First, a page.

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  1. #1
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    WHERE field = XXX vs WHERE field <> XXX : Performance the same?

    Hi everyone, is there any performance difference btw the following WHERE criteria.

    WHERE abcfield = 'XXXX'

    vs

    WHERE abcfield <> 'XXXX'

    A)There are same number of records that for each of the above criteria
    B) abcfield is indexed.

    This has been puzzling me. At first i thought that WHERE abcfield <> 'XXXX' would be slower, but thinking abt how mysql uses indexes, it might not necessarily be the case.

    Thanks!!!

  2. #2
    reads the ********* Crier silver trophybronze trophy longneck's Avatar
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    i've never actually tested this, but rudy has hinted that <> and != are slower than =.

    do you have a dataset you can test against?

  3. #3
    reads the ********* Crier silver trophybronze trophy longneck's Avatar
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    Code:
    mysql> create table foo (foo tinyint not null);
    Query OK, 0 rows affected (0.06 sec)
    
    mysql> insert into foo values (1), (1), (1), (2), (3), (4);
    Query OK, 6 rows affected (0.00 sec)
    Records: 6  Duplicates: 0  Warnings: 0
    
    mysql> insert into foo select * from foo;
    Query OK, 6 rows affected (0.00 sec)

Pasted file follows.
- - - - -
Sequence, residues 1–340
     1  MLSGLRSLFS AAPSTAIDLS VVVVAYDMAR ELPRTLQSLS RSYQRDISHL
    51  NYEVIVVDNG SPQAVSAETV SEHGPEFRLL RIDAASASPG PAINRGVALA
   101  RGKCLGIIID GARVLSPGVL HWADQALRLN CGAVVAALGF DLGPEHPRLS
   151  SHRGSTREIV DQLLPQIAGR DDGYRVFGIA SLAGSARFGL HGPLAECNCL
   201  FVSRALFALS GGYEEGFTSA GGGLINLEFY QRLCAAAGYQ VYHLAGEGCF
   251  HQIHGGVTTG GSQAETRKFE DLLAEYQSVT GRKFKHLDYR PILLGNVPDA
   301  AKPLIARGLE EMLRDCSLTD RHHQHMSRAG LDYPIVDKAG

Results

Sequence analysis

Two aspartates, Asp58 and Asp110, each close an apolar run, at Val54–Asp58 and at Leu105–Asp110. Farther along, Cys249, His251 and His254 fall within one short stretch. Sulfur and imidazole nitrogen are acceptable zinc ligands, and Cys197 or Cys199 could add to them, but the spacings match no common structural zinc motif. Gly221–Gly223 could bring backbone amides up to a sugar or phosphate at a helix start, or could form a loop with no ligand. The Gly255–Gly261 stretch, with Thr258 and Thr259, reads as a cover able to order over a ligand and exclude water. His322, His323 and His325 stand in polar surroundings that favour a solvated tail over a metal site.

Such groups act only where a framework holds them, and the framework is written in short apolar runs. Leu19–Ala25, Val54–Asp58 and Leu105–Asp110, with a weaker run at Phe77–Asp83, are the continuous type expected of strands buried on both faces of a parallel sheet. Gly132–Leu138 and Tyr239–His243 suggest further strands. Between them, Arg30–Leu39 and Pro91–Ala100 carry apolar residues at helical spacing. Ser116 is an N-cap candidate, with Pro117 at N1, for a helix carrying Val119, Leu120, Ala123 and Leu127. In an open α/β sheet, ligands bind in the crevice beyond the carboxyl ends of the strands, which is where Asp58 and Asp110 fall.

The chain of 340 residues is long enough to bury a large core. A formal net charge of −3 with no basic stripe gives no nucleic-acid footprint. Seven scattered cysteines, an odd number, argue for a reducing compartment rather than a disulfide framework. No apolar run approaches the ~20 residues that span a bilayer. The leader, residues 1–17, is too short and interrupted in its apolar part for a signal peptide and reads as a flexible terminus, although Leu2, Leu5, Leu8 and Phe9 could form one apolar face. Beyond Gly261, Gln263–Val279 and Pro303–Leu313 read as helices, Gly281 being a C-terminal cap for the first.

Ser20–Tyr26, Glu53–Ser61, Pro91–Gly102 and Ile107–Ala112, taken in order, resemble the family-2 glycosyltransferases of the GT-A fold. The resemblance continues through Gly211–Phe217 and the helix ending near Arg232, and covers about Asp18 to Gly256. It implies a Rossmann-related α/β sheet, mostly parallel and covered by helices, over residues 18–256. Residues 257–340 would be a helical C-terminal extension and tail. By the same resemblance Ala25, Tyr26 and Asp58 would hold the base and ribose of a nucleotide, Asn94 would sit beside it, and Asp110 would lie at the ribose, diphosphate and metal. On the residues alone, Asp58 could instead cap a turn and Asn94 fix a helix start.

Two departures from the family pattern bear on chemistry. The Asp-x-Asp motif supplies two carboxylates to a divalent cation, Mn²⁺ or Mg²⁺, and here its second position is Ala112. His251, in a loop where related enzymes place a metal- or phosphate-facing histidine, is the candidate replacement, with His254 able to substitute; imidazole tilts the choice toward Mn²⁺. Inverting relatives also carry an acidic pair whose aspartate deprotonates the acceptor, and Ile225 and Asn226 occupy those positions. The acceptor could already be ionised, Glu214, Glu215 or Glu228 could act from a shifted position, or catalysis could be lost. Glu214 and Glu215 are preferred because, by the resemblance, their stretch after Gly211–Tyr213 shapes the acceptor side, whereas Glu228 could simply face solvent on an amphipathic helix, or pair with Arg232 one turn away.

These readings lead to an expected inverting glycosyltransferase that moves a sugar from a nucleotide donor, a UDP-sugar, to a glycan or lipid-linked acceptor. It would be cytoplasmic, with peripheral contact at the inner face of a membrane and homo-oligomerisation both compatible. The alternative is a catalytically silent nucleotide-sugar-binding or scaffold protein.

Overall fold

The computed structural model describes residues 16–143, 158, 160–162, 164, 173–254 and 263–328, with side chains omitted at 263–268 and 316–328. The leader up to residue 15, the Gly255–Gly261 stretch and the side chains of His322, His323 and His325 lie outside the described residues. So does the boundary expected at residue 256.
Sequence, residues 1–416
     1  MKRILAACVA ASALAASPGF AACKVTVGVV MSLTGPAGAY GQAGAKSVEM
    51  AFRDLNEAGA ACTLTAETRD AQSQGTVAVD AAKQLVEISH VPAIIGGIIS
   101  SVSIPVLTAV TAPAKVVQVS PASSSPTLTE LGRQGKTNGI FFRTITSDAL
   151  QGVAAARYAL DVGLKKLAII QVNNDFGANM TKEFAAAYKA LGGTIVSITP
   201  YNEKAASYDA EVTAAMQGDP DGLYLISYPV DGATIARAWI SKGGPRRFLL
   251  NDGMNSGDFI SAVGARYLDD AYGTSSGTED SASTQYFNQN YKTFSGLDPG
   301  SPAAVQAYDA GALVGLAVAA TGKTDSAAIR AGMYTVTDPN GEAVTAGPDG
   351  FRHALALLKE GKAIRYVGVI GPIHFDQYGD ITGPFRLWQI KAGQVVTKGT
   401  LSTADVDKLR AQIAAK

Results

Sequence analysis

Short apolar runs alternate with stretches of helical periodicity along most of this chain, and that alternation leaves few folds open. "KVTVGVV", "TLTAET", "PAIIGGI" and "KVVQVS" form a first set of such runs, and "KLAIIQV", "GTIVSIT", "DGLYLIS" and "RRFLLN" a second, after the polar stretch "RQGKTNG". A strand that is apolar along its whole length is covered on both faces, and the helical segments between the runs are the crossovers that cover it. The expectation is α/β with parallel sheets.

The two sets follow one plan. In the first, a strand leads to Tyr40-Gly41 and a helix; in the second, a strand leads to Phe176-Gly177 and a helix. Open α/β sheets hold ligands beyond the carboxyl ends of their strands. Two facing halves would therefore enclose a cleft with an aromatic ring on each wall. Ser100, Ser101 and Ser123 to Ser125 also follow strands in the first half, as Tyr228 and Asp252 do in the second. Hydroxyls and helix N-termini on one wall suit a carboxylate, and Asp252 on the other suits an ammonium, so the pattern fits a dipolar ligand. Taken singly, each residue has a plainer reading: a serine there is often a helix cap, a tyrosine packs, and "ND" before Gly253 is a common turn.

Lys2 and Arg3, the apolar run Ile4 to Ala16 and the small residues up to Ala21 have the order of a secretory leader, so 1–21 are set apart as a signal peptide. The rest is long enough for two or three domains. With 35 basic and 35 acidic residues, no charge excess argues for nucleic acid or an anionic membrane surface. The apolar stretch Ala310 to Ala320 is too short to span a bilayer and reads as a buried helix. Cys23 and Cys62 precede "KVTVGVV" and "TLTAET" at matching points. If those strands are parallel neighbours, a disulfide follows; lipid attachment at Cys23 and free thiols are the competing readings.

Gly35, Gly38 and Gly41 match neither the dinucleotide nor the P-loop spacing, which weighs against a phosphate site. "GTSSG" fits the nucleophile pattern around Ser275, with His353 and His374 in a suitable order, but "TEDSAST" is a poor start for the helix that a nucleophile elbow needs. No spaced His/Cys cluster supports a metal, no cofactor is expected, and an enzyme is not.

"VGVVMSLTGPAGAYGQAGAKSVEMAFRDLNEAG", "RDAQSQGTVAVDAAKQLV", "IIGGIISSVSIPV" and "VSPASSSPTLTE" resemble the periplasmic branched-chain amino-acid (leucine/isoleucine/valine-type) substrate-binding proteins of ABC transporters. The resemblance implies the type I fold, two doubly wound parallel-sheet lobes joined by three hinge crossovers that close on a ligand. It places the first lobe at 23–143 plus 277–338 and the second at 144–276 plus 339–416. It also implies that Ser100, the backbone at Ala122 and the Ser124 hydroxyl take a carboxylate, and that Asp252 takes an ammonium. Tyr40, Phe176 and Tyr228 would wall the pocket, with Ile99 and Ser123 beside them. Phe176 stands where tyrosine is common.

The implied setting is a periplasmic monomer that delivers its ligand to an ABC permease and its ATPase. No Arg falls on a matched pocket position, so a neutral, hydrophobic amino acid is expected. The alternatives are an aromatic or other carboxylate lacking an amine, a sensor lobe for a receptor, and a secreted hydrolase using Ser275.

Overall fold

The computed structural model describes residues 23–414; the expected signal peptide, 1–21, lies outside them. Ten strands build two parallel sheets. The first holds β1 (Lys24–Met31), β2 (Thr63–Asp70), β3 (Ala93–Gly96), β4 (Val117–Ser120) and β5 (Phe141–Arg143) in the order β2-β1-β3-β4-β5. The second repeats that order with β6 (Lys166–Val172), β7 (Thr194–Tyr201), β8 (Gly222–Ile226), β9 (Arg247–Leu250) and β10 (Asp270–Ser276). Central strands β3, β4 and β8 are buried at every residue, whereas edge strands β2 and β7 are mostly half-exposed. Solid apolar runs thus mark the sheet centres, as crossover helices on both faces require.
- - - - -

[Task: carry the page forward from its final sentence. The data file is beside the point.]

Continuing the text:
Records: 6  Duplicates: 0  Warnings: 0
    
    <snip>
    
    mysql> insert into foo select * from foo;
    Query OK, 6291456 rows affected (17.53 sec)
    Records: 6291456  Duplicates: 0  Warnings: 0
    
    mysql> alter table foo add index (foo);
    Query OK, 12582912 rows affected (2 min 7.64 sec)
    Records: 12582912  Duplicates: 0  Warnings: 0
    
    mysql> select count(*) from foo where foo = 1;
    +----------+
    | count(*) |
    +----------+
    |  6291456 |
    +----------+
    1 row in set (7.45 sec)
    
    mysql> select count(*) from foo where foo = 1;
    +----------+
    | count(*) |
    +----------+
    |  6291456 |
    +----------+
    1 row in set (7.39 sec)
    
    mysql> select count(*) from foo where foo != 1;
    +----------+
    | count(*) |
    +----------+
    |  6291456 |
    +----------+
    1 row in set (10.72 sec)
    
    mysql> select count(*) from foo where foo != 1;
    +----------+
    | count(*) |
    +----------+
    |  6291456 |
    +----------+
    1 row in set (10.73 sec)

  4. #4
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    woh! thanks for the real world test!

    i guess 50% slower isnt THAT bad...

    I doubt i'll ever be doing counts on index in the 6million range though...

    Thanks for the great test longneck! For some reason i never thought of actually trying it out...


    I did some times on my own data set, and for some reason query times were exactly the same! ~ 0.1secs...

  5. #5
    SitePoint Wizard Ren's Avatar
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    Read somewhere (probably SQL for Smarties) about _possible_ optimization for <>

    SELECT * WHERE foo < 1 UNION SELECT * WHERE foo > 1

    Which is more likely to use an index on some databases, obviously need to test wether MySQL is one of them.

  6. #6
    reads the ********* Crier silver trophybronze trophy longneck's Avatar
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    the explain in my queries above does use the index.


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